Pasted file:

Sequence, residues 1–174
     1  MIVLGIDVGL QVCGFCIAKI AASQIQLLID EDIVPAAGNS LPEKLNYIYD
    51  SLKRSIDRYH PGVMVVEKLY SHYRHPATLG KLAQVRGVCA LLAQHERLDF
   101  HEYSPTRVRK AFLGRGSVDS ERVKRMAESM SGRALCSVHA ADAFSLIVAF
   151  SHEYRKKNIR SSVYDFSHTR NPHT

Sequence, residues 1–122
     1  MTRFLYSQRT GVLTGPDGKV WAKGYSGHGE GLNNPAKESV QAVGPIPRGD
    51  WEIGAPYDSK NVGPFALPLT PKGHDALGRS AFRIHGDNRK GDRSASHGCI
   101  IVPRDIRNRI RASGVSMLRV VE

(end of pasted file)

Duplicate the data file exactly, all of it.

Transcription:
Sequence, residues 1–174
     1  MIVLGIDVGL QVCGFCIAKI AASQIQLLID EDIVPAAGNS LPEKLNYIYD
    51  SLKRSIDRYH PGVMVVEKLY SHYRHPATLG KLAQVRGVCA LLAQHERLDF
   101  HEYSPTRVRK AFLGRGSVDS ERVKRMAESM SGRALCSVHA ADAFSLIVAF
   151  SHEYRKKNIR SSVYDFSHTR NPHT

Sequence, residues 1–122
     1  MTRFLYSQRT GVLTGPDGKV WAKGYSGHGE GLNNPAKESV QAVGPIPRGD
    51  WEIGAPYDSK NVGPFALPLT PKGHDALGRS AFRIHGDNRK GDRSASHGCI
   101  IVPRDIRNRI RASGVSMLRV VE